Iranian Culture Review Test

Iranian Culture Review Test - Hamid Poorsafar Final Exam...

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Hamid Poorsafar Final Exam Iranian Culture Review Test #2 Part 1 1.1 Persian carpets are filled with a variety of stylized floral and foliate motifs, many classifiable as chinoiserie, including lotus, arabesques, vines and blossoms. Human and animal figures and tableaux from Persian literature also occur occasionally. 1.2 The importance of the son or younger generation dying to renew the older generation (different from the American way of ‘you have had your time’). 1.3 In stamp image 45 we can see spring time images that relate to Iranians wanting to have the spring time year around through the Eid celebrations. The stamp shows a picture of familiar items seen on a haft seen table that Iranian families create during Eid. 1.4 The painting images that present mosques have several aspects that relate to Iranian culture. For one, the shape of mosques represents the ascension into heaven much like the structure of Pasargadae where Cyrus the Great is. In Persian structures, Iranians are more concerned about the shape of the building than they are about the height. Further, many of the mosques in the paintings have florescent images reminiscent of spring time gardens and elegant calligraphy, both of which have important cultural relevance. 1.5 In “I Feel Sorry for the Garden” by Forugh Farrokhzad, the father illustrates the Iranian specific theme of indifference, carpe diem in that the father has no regard for the world outside his room and allows the garden in the story to ‘be’. Such feelings are also strongly reinforced in Khayyam’s work. 1.6 I believe Taarof, the Iranian verbal system, is incompatible with general American culture. The complicated system of manners that Iranians call Taarof is in stark contrast to the direct, frank American method of behavior and speech. I have found myself, at times, to be stuck between the two. 1.7 With the fatalistic and pessimistic tone of The Blind Owl , I would say that Sadeq Hedayat closely resembles Omar Khayyam. Omar Khayyam found distrust in authorities, held a pessimistic attitude about what the future would bring, and believed in the importance of the present. The pessimistic, dark tone of The Blind Owl is also comparable to “Winter” and “Along the Riverside” where winter and the lack of a sun represent depression and gloominess to the narrators. 1.8 Forugh Farrokhzad in “Someone Who Is not Like Anyone Else” shows a less-than-optimistic portrait of Iran’s future when she questions the ability of people who have authority to make significant changes to society where it is evident. She says: “And the people in the slaughter- house neighborhood where even the earth in their gardens is bloody and even the water in their courtyard pools is bloody and even their shoe soles are bloody, why don’t they do something? Why don’t they do something? How lazy the winter sunshine is.” Farrokhzad questions the apparent in Iranian society and questions why those who have the ability to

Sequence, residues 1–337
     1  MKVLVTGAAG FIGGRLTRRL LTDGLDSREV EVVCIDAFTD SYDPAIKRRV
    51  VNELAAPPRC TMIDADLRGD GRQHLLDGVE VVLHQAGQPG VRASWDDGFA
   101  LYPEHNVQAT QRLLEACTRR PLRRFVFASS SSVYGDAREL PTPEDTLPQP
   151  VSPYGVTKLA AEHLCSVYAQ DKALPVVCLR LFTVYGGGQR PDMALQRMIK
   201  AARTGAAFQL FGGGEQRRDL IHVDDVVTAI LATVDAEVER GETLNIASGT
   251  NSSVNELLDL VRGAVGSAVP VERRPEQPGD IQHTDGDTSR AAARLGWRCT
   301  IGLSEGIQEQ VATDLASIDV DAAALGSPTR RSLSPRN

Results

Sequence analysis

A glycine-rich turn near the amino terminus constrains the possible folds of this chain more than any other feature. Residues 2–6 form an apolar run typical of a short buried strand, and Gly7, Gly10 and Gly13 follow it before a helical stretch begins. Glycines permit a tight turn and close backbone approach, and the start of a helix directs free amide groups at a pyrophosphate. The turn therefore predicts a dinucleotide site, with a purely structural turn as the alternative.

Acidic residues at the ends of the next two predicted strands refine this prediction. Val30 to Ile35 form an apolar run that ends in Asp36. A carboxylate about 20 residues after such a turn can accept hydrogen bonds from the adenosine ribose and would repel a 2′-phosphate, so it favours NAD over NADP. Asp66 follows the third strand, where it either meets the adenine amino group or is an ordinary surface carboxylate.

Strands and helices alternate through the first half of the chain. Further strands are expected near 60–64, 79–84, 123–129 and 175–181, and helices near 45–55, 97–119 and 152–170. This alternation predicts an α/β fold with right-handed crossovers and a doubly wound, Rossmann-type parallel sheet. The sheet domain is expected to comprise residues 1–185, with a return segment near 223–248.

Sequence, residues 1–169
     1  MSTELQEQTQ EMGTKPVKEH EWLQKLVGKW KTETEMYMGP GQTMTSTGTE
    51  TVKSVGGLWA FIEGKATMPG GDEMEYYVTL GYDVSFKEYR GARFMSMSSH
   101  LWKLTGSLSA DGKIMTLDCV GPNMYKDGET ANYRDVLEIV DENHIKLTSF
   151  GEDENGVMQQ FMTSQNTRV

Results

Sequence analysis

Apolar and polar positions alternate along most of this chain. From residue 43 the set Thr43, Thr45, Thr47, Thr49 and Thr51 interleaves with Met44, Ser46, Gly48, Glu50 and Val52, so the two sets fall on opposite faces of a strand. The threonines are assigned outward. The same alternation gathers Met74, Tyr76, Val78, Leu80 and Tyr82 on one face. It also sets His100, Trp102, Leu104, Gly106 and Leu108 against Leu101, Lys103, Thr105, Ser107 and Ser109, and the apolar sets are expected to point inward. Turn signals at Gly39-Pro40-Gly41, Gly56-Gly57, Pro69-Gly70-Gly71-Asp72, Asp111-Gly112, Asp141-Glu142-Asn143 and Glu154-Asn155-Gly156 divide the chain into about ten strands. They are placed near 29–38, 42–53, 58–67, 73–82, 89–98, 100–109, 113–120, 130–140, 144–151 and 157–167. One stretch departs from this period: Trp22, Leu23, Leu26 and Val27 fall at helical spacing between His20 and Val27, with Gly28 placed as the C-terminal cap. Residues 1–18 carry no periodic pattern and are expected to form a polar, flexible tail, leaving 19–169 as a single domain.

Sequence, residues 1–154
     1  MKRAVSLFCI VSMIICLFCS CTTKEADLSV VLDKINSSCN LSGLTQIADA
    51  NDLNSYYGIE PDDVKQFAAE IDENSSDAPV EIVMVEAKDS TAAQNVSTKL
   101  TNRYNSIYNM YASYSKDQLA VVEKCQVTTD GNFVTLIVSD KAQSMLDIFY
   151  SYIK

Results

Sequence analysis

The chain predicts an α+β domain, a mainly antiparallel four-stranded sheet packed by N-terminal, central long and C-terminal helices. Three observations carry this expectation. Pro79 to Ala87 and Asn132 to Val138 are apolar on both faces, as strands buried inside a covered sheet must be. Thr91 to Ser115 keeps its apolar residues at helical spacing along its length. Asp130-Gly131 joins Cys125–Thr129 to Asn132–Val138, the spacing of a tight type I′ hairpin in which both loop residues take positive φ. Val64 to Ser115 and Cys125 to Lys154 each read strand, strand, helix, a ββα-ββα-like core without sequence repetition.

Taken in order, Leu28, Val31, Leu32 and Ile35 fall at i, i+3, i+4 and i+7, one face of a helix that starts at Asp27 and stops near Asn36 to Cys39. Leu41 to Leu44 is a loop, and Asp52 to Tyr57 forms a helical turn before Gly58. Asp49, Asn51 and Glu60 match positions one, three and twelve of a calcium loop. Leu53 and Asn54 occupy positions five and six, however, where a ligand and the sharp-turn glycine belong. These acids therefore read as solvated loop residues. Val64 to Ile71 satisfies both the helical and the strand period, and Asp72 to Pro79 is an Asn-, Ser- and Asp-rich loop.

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This note was uploaded on 12/03/2011 for the course HISTORY 322D taught by Professor Hunt during the Fall '11 term at University of Texas.

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Iranian Culture Review Test - Hamid Poorsafar Final Exam...

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